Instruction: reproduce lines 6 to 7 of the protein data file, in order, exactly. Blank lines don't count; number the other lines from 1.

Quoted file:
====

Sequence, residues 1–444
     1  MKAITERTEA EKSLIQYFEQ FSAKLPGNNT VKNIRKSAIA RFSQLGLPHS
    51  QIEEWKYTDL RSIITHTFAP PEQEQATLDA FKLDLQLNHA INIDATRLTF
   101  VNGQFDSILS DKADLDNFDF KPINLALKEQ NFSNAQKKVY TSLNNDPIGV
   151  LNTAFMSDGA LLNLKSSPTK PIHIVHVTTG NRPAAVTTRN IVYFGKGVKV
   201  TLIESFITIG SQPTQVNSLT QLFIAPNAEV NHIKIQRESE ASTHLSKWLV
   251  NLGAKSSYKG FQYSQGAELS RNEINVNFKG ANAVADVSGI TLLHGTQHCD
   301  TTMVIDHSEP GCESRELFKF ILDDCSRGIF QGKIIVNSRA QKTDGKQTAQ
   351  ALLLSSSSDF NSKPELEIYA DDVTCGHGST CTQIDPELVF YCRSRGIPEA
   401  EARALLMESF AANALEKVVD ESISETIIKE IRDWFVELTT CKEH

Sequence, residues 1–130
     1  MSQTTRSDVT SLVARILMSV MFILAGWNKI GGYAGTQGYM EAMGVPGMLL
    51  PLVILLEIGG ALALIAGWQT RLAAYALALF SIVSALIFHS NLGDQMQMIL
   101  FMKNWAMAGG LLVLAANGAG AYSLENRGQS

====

   201  TLIESFITIG SQPTQVNSLT QLFIAPNAEV NHIKIQRESE ASTHLSKWLV
   251  NLGAKSSYKG FQYSQGAELS RNEINVNFKG ANAVADVSGI TLLHGTQHCD